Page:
Gender Gap Narrowing? Not as expected.

Gender Gap Narrowing? Not As Expected

By Erik Berns, Amber Gainor, Shari Sorenson, and James Wagner

As a college graduate, do you expect to receive the same pay as your colleagues? The truth is that gender discrimination in the workplace continues to be a controversial issue. The following graph provided by the US Census shows how the discrepancy has continued. According to the most recent US Census, the proportion of women working has grown to 46.8% with women breaking into almost every job category, but the proportion within certain male dominated professions remains disproportionate at 9:1.

Dr. David Schaffer, Associate Professor of Economics at the University of Wisconsin-Eau Claire, who has conducted research on gender inequality for over 20 years, explained the phenomenon known as the "Glass Ceiling Effect:"

"It is the idea that women who start out in the same jobs as men, even if they start out with the same salary their first year, ten to twenty years later the men are more likely to be promoted and get salary increases. The glass ceiling is the idea you can get the job and look up, see the top, and say 'I'm going to be one of those managers someday,' but for women you hit this solid block at some point," said Schaffer.

Talk about the "Glass Ceiling Effect" has been around for years, and the assumption is the situation is disappearing. However, data used by media showing how the gap has been disappearing tends to reflect only the top ten percent of the workforce in terms of income.

"The level of discrimination against women has gone down only a little, but the details have changed a lot," said Schaffer. Discrimination continues, but much more subtly.

The laws of 1970's erased blatant discrimination but didn't erase the unseen discrimination. According to Schaffer, female dominated positions (e.g. elementary education and nursing) are typically paid 15 to 20% less than male dominated positions with the same education and background.

Schaffer referred to this trend as "occupational segregation," which can be defined as assigning different titles/position names although the same work is being done. The differences between the two positions are difficult to measure and even more difficult to prove in court. Schaffer pointed out much of the discrimination taking place is "not a conscious choice, but it is significant." Two professions that commonly have occupational segregation are healthcare and law.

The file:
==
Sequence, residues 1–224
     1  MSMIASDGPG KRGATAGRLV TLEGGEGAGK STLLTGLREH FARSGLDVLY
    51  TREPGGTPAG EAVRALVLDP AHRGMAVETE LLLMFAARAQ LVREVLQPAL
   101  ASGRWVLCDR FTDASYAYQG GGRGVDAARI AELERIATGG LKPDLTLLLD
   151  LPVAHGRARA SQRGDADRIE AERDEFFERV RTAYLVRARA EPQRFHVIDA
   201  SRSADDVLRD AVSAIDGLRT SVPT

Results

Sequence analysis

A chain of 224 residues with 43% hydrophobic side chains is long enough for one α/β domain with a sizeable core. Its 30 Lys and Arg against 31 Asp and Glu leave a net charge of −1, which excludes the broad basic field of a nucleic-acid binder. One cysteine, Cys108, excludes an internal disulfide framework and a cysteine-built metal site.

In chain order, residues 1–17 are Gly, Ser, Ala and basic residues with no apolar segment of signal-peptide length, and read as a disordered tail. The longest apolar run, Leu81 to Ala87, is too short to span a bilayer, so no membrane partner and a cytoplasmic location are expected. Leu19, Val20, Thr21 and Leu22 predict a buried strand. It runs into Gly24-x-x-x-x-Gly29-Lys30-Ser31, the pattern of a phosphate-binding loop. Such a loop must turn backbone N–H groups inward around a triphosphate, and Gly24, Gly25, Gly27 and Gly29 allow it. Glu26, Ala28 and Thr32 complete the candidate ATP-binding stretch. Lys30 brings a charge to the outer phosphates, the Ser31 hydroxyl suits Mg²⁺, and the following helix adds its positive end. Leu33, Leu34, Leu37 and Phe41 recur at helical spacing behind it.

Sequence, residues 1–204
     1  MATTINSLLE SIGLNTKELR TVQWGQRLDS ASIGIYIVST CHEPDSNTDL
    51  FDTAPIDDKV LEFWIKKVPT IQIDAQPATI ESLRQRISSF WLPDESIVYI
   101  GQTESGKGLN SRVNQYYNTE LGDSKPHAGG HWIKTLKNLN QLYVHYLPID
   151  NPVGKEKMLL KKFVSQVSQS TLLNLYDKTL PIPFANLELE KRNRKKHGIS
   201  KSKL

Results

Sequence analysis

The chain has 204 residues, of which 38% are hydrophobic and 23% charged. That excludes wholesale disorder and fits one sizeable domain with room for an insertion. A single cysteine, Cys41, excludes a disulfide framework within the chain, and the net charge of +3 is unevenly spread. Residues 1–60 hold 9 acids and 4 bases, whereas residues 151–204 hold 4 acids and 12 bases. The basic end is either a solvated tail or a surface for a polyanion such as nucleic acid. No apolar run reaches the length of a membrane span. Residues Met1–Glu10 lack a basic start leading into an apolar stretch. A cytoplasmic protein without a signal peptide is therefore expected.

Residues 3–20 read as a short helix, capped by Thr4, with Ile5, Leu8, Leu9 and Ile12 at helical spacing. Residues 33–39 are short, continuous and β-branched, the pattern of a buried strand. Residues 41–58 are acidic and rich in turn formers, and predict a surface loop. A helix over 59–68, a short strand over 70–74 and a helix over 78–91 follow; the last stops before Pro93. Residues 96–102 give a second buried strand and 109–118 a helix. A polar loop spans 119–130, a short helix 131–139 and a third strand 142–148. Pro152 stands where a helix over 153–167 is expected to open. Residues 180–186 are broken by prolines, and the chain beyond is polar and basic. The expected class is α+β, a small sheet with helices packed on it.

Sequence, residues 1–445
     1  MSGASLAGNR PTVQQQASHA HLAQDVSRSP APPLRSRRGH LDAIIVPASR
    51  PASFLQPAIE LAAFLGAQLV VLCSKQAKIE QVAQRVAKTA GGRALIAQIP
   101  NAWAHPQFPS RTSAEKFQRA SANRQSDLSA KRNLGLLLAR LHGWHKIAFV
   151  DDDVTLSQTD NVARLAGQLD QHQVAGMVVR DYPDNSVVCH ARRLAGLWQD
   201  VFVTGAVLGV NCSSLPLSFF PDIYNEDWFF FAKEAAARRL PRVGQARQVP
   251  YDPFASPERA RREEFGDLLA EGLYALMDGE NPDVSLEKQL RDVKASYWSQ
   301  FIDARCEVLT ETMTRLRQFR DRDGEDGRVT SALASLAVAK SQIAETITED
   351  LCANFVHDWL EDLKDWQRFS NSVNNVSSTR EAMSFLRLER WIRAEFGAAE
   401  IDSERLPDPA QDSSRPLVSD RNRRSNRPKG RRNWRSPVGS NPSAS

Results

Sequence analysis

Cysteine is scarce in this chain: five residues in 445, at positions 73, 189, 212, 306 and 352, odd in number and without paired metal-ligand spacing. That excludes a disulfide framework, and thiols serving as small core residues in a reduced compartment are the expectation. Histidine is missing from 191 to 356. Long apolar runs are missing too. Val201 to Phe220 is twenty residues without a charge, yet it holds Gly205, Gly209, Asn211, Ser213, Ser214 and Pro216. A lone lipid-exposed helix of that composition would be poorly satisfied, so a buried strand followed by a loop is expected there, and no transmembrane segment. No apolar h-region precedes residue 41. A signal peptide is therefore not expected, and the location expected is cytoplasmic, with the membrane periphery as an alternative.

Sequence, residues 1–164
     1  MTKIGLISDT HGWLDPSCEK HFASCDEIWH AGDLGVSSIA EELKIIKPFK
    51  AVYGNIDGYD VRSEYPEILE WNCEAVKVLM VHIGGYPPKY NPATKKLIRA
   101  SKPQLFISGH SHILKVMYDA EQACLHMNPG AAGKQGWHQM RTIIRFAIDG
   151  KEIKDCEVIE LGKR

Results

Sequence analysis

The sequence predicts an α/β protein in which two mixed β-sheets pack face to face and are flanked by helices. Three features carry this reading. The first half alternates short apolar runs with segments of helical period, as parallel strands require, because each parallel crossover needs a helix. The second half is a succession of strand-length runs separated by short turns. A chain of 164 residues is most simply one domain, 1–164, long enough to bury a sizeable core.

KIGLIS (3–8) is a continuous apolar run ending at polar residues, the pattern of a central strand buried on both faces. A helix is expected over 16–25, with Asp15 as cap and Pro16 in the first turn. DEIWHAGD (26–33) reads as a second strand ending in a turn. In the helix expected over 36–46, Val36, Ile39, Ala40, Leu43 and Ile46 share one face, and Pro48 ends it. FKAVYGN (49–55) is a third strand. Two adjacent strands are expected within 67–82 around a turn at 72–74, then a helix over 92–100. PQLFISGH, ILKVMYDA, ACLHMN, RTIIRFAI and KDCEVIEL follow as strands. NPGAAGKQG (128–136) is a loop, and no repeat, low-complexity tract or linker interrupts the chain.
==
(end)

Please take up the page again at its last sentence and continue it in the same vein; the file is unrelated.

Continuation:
The United States does not have any distinct regions with more or less discrimination. The differences are more time related. The 1970's was a big time for change with many laws, such as the Equal Employment Opportunity Act of 1972, which made an effort to reduce inequality. Much of this change leveled off in the 1980's and has only incrementally decreased since then.

Schaffer has conducted over 20 years of individual research on inequality on both race and gender. Growing up in Detroit with race riots, as well as observing poverty and homelessness, motivated him to improve the human condition even if in an indirect role as an economist. His statistics show that while the gap may be slightly narrowing, a lot of grey area still exists allowing for gender discrimination to occur. Recent college graduates will play a major role in eliminating these grey areas, which is the next step in eliminating gender wage discrimination altogether.

Erik Berns Amber Gainor Shari Sorenson James Wagner

From left to right: Erik Berns is a junior management major from Green Bay, WI; Amber Gainor is a junior marketing major from Burnsville, MN; Shari Sorenson is a senior management major from Mondovi, WI; and James Wagner is a senior finance major from Apple Valley, MN. They wrote this article for their BCOM Advanced Writing class.

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